I grew up in a strong Guess culture, and really one of the best things you can do for your mental health is to get out of that kind of place. It's a way to passive-aggressively get concessions from those around you while making yourself miserable. Guessing is a terrible, terrible way to "win".

4Said Achmiz8yYeah, this is pretty terrible. I (being on the autism spectrum) am definitely in favor of Ask culture over Guess culture — and I still find the quoted practice... somewhat repellent.

I have unusually low social anxiety, so I don't experience Askers this way, but it is my impression that most Guessers would experience it in roughly that way, and yeah — that's kind of a mean thing to do to someone.

Personal examples of semantic stopsigns

Downvoted, not because the content of the post is bad, but because it encourages people to list polite ways to get out of annoying conversations, decide they don't count as polite anymore, and throw hissy fits when people won't discuss their pet topic.

3kalium8yIn other words, sometimes stopsigns are useful.
8David_Gerard8yIndeed. Most of the examples have a very clear conversational meaning: "that's nice, I'm not interested, but I'm trying not to be rude about it." Failure on the listener's part to understand this is not a failure of rationality on the speaker's part. I note the examples being raised are mostly clearly of this sort, rather than in a conversation that is anything to do with careful application of thought.

Upvoted, not for your downvote, but for raising the point that these expressions can serve as conversational signals of what LWers call tapping out. (Tangent: "tapping out" in the LW sense is a terrible appropriation of a term from a different context, because in the original context it explicitly and literally signals submission.)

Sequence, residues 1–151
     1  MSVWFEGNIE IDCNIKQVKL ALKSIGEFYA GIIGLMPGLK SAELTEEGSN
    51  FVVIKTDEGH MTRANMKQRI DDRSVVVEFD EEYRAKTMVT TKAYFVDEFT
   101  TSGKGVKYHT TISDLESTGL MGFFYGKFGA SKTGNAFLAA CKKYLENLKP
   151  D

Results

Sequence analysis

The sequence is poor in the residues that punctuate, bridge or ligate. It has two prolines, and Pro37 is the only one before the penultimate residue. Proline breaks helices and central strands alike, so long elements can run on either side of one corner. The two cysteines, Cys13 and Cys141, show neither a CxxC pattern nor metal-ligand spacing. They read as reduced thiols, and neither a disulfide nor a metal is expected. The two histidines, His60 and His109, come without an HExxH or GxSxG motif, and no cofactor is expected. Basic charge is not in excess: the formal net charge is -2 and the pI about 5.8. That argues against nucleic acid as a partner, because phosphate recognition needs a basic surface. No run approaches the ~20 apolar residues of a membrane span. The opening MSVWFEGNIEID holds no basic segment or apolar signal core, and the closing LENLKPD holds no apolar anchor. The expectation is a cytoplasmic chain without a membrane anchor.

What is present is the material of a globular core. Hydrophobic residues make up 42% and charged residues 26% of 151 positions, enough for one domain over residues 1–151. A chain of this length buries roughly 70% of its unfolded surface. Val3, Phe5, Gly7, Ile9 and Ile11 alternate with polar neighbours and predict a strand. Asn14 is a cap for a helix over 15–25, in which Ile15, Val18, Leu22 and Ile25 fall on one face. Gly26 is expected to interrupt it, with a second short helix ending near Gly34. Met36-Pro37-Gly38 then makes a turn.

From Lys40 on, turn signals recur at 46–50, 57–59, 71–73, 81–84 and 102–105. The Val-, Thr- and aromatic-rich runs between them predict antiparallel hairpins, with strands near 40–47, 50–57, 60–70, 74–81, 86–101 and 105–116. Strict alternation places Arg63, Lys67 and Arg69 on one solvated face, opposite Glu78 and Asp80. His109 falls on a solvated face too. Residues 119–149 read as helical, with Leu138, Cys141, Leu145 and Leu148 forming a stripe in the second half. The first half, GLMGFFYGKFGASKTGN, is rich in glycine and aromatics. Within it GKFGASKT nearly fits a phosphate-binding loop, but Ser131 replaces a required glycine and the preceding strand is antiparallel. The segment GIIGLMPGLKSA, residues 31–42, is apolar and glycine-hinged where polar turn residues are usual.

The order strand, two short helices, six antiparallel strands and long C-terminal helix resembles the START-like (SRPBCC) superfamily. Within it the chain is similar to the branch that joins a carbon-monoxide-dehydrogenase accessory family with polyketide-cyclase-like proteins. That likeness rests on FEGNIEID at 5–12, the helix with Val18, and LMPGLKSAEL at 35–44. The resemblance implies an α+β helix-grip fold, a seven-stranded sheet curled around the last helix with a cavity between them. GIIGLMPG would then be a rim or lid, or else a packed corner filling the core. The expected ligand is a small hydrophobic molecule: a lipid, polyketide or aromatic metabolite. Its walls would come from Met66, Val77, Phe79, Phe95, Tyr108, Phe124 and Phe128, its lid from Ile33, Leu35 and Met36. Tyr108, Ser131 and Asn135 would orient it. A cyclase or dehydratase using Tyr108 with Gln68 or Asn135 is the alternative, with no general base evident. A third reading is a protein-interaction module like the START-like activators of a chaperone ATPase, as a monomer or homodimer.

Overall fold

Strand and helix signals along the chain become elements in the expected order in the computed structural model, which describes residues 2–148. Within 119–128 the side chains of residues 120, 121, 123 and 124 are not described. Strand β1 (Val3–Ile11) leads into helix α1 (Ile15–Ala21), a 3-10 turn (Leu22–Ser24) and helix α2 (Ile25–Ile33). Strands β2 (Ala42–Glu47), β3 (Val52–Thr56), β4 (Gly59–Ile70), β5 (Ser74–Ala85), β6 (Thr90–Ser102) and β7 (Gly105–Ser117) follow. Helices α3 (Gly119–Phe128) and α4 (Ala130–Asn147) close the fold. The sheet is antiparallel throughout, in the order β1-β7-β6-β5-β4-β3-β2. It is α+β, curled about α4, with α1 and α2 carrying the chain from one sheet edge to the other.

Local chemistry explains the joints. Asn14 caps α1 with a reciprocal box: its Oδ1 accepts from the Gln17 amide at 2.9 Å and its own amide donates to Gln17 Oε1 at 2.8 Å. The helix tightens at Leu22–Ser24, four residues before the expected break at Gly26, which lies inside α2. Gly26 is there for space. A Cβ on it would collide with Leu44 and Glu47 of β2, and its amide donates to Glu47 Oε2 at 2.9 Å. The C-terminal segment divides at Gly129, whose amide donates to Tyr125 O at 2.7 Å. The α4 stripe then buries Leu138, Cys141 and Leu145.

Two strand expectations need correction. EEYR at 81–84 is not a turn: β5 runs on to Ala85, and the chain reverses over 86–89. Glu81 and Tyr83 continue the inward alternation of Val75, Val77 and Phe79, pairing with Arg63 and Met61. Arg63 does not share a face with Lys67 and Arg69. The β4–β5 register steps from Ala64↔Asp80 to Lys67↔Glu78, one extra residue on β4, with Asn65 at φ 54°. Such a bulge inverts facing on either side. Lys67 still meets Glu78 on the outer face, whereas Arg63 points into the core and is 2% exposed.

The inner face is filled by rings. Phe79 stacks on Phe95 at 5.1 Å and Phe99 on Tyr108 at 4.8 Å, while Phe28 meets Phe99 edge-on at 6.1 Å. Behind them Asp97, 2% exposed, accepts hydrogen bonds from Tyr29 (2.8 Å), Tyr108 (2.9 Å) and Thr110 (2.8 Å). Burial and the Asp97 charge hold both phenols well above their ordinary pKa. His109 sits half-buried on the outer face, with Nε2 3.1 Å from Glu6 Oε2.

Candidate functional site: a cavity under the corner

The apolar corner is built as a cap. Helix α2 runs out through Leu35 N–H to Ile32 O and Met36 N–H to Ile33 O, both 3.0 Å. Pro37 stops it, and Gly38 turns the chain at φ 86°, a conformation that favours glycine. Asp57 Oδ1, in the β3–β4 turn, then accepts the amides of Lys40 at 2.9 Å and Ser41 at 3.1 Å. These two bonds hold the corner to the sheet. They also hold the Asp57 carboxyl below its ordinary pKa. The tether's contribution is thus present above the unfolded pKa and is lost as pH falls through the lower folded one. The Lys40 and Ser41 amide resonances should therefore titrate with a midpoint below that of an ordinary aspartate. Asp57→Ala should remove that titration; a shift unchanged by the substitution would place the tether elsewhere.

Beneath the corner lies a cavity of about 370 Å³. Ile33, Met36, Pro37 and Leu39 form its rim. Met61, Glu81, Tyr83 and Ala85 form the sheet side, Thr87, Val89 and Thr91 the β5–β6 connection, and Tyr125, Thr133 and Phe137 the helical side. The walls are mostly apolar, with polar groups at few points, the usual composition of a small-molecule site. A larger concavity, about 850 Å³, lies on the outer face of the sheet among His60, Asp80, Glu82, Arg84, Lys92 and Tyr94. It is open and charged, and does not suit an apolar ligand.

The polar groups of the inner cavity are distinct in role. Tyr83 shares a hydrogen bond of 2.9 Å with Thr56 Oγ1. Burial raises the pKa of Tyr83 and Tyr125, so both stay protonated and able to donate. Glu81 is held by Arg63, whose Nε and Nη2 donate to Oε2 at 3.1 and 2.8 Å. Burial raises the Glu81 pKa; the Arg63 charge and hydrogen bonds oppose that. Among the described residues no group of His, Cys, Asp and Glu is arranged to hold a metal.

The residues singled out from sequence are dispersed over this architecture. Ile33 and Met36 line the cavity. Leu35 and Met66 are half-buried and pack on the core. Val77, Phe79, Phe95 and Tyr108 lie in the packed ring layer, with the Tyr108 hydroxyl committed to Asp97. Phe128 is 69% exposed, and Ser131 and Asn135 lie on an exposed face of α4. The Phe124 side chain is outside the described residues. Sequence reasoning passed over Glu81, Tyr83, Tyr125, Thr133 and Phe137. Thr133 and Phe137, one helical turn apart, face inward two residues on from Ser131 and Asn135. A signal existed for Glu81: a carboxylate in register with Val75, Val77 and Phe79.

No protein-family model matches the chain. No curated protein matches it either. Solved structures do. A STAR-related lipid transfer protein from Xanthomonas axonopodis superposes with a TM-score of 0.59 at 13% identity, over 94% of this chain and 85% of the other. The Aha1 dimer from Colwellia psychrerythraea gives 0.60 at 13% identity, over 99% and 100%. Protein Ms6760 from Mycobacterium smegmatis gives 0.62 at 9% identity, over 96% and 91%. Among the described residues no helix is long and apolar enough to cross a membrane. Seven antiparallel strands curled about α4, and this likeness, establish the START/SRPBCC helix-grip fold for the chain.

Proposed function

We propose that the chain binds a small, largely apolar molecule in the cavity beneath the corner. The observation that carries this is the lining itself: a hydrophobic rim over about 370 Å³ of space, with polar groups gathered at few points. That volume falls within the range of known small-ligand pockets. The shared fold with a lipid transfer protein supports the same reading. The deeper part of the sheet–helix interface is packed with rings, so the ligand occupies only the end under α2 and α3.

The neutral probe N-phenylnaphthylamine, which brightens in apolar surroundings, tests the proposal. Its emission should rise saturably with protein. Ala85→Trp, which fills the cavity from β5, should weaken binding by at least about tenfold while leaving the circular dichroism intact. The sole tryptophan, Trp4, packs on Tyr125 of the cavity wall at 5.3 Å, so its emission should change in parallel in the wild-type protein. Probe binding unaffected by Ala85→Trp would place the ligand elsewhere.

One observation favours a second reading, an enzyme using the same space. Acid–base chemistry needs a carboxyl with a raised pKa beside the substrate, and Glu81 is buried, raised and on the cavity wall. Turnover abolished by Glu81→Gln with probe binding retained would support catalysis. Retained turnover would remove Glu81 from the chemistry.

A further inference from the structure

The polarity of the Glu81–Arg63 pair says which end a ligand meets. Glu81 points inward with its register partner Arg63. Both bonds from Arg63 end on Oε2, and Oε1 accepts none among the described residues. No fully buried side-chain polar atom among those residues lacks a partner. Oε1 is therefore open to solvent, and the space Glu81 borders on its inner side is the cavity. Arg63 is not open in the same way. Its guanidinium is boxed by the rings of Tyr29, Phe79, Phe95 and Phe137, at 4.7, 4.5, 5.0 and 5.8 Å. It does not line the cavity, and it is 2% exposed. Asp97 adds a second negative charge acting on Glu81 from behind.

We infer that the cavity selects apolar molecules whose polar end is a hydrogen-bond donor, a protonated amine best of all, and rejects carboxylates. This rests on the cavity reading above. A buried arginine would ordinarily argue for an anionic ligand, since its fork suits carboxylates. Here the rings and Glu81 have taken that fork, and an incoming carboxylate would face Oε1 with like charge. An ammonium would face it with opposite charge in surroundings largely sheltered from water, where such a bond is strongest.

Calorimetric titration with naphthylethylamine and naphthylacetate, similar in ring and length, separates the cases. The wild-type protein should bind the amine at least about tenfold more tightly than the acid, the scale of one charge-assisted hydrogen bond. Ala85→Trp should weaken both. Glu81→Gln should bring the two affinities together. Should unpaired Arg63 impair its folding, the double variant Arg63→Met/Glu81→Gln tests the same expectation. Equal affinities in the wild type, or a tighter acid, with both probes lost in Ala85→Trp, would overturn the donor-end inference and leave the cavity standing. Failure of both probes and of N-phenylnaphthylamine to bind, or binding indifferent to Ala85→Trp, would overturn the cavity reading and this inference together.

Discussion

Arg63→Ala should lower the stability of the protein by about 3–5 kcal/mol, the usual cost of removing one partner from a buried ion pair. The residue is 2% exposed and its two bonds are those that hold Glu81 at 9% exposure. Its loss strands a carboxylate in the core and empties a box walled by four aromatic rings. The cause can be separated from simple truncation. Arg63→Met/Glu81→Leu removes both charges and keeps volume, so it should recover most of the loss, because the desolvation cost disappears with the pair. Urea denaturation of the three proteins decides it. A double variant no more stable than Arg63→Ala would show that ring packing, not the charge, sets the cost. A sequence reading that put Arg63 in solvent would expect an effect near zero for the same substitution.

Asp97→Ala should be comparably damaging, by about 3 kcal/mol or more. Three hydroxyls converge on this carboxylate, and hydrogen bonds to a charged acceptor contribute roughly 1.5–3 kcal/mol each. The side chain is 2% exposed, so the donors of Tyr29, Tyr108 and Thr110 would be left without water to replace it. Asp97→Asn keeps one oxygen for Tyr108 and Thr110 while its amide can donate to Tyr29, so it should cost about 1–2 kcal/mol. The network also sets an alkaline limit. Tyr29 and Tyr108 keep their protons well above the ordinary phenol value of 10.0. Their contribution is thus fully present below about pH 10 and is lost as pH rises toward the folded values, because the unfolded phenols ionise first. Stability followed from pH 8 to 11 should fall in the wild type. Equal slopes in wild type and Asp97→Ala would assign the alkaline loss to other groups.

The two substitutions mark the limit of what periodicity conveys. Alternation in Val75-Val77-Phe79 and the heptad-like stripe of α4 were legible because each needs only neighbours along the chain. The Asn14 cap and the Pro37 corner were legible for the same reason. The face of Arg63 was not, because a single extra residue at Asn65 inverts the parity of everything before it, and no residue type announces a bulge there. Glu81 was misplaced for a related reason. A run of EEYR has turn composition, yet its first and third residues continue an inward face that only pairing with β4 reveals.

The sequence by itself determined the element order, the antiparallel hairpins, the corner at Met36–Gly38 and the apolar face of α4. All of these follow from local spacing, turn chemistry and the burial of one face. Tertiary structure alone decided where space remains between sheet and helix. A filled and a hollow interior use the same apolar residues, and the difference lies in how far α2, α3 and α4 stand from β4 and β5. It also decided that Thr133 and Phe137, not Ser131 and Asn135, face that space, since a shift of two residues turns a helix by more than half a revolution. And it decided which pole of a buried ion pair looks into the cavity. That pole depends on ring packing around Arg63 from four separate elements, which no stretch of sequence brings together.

Making the chaff invisible, and getting the wheat ($200 prize too)

print some pages mirrored upside down

This is too good not to hear the story. Google turns up nothing. Tell!

2DaFranker8yshrugs It's not all that special in terms of technical details. When I was younger and living with my parents, my father had at some point an imported printer for some reason. This is back when XP was still the latest Windows version for sale. Wish I remember the details of who and what, so we could point and laugh at the silly printer-makers or something, though. (I wasn't older than 16 at the time, probably closer to 13) Sometimes, when printing full screen images directly through some software, or maybe when printing oversize images or documents that had to be "fitted" to the printer's page size, the first page of the queue would come out mirrored upside-down or sideways, or rotated. It would only do this from my father's computer, not fom mine. After much troubleshooting and head-scratching, we tried something dumb: his Windows was in French, mine was in English, we changed the windows language to English (and the locale settings got reset in the process, maybe? I don't remember that part, but that makes sense). The problem was gone. Skipping over the tedious examination that follows, he told me that the region settings were at fault, and had to be set to the same thing in the driver software's control panel as that of Windows for it to not do this. My best reconstruction with my current technical knowledge of what I remember but didn't fully understand at the time is that this printer used (and probably abused) Windows XP's multi-monitor features for processing the documents sent to the drivers for processing and printing, generating an image on a windows "monitor" of the right size before sending this out to the printer. I assume the coding they had made this virtual monitor "reset" or perform some kind of self-diagnostic, either of which including rotations and mirrorings of the monitor, when the regional settings were different or when it was internally different from windows'. The printer would send to print anyway while this happened, resulting in a
2013 Less Wrong Census/Survey

Last year there were 2% "other" answers, versus 13% "polyamorous" and 30% "uncertain/no preference" ones. This suggests there is no need to break down "other" any further, unless people in relationship models like yours pick "uncertain" rather than "other" and would switch if "monogamish" was an option.